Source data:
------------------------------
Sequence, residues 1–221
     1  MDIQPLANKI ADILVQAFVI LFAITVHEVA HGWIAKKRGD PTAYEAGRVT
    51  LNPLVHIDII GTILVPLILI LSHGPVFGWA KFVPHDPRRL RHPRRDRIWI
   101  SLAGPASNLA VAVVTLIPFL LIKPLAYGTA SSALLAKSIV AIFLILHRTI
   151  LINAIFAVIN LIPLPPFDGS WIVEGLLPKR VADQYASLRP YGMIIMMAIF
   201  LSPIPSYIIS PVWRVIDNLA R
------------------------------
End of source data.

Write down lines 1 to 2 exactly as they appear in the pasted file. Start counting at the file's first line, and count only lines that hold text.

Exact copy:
Sequence, residues 1–221
     1  MDIQPLANKI ADILVQAFVI LFAITVHEVA HGWIAKKRGD PTAYEAGRVT